ROS levels were detected in live tissue based on previously described methods (Hochmuth et al., 2011; Owusu-Ansah and Banerjee, 2009; Owusu-Ansah et al., 2008). In brief, guts were dissected directly in Schneider’s medium, then incubated, protected from light, in 60uM dihydroethidium (Invitrogen Molecular Probes) in Schneider’s medium for 7 minutes (Dye freshly reconstituted each time in anhydrous DMSO). Three washes were performed for 5 minutes each in Schneider’s medium at room temperature before mounting in ProlongGold antifade reagent containing DAPI (Invitrogen Molecular Probes). Midguts were imaged immediately following the staining procedure. For total ROS production from the midgut, Z-stacks of regions 200–500uM anterior to the pylorus were measured for mean signal intensity at 568nM in Image J. For ROS output of ISCs/EBs, mean intensity of DHE signal was measured only in cell clusters identified by their esgGFP expression, their size, and their basal location within the intestinal epithelium. Pixel intensities of Z-stacks, spanning from the basal to apical cell layers, for a minimum of 10 midguts were used for each of the quantifications. Statistical analysis was conducted on mean DHE intensities averaged from each midgut using a two-tailed, unpaired Student’s T-test.
Fixation of Drosophila intestines was carried out according to (Boyle et al., 2007), prepared according to standard procedures, and mounted in Vectashield mounting medium containing 4′,6-diamidino-2-phenylindole (DAPI) from Vector Laboratories. Primary antibodies used in this study included rabbit anti-GFP (1:5,000) from Molecular Probes, rabbit anti-phospho-histone H3 (1:200) from Millipore (06–570), and mouse anti-Armadillo (N2 7A1) (1:20) and mouse anti-Prospero (MR1A) (1:100), both obtained from the Developmental Studies Hybridoma Bank at the University of Iowa. For the quantification of GFP+ cells, images were acquired from sections imaged 250–500 microns anterior to the pyloric ring in the posterior midgut, and MetaMorph software (Molecular Devices, Downingtown, PA) was used to quantify GFP+ cells. The average number of GFP+ cells was obtained from at least 25 guts per treatment; means were compared using one-way ANOVA followed by Tukey’s HSD post-test. Due to the smaller size of male posterior midgut, the field of view (FOV) was divided into 9 equal sections, and the central region was used to quantify the average number of GFP+ cells. To quantify pHH3+ cells, images were acquired using a 20X objective 1–2 fields of view anterior to the pylorus. The numbers of pHH3+ cells were normalized to gut area for each gut (n>21 samples per treatment). Statistical significance was determined with a Kruskall-Wallis test followed by a Dunn’s post hoc test.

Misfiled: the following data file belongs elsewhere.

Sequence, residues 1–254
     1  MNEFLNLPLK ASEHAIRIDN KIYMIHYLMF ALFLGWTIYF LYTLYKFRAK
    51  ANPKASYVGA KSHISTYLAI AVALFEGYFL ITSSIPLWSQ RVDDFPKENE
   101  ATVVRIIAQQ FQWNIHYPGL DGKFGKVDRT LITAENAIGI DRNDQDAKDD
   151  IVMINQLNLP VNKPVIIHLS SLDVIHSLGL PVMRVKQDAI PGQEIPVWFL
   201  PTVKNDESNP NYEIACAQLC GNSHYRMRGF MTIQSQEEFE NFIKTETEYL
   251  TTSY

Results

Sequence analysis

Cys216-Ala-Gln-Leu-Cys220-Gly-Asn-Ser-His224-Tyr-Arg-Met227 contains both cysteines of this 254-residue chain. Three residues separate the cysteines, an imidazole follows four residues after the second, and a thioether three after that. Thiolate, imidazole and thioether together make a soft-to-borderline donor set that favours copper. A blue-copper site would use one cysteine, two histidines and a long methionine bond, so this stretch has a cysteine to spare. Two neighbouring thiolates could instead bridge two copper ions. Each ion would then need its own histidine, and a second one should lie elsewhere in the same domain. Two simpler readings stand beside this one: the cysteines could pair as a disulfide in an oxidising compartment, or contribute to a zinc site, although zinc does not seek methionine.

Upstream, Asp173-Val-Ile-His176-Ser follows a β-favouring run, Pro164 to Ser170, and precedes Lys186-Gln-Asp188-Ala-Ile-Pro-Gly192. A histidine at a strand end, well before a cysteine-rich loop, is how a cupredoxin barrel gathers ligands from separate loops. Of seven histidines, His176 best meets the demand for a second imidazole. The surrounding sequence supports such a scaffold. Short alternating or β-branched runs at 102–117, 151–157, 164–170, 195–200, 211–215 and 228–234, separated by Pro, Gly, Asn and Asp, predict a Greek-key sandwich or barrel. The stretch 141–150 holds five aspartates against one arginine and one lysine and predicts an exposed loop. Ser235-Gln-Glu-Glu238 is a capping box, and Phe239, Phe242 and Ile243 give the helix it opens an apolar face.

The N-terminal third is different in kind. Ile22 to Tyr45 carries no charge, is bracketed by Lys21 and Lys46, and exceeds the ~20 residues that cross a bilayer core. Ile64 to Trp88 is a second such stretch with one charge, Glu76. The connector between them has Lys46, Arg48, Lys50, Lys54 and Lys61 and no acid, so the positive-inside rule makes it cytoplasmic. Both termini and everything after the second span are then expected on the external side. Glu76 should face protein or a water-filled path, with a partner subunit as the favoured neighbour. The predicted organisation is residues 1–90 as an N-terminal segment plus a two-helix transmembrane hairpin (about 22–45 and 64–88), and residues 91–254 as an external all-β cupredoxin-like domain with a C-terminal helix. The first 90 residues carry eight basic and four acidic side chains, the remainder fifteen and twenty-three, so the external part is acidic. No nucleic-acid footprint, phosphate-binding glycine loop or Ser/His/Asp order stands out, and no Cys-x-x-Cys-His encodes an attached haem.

Quantification of intestinal integrity was based upon the distribution of a blue food dye (FD&C blue dye #1) post-feeding. Briefly, two vials of female flies of each genotype were transferred onto fresh medium containing blue dye (2.5% w/v) at 9 a.m. for 150 min. Flies showing an extended blue coloration (not limited to the proboscis and crop) were considered ‘Smurf’ flies.
Unless indicated otherwise, significance was determined using a two-tailed, unpaired t-test from at least three independent experiments and expressed as P values. Unless indicated otherwise, error bars reflect standard error of the mean (SEM).
The authors would like to thank Kevin Vu, Kent Vu, Holly Vu and Jeff Copeland for help with fly work and generation of UAS-constructs. We also thank H. Keshishian, S. Pletcher, L. Seroude, H. Jasper and the Drosophila Stock Center (Bloomington) for fly stocks. D.L.J. is funded by the Emerald Foundation, the G. Harold and Leila Y. Mathers Charitable Foundation, the ACS, the California Institute for Regenerative Medicine (CIRM), and the NIH (R01 AG028092). C.K. was funded by an NIH Developmental Biology training grant (2T32HD007495, C. Kintner). M.U. is supported by a Ruth L. Kirschstein National Research Service Award (GM07185). D.W.W is funded by the National Institute on Aging (RO1 AG037514) and the Ellison Medical Foundation. D.W.W is an Ellison Medical Foundation New Scholar in Aging.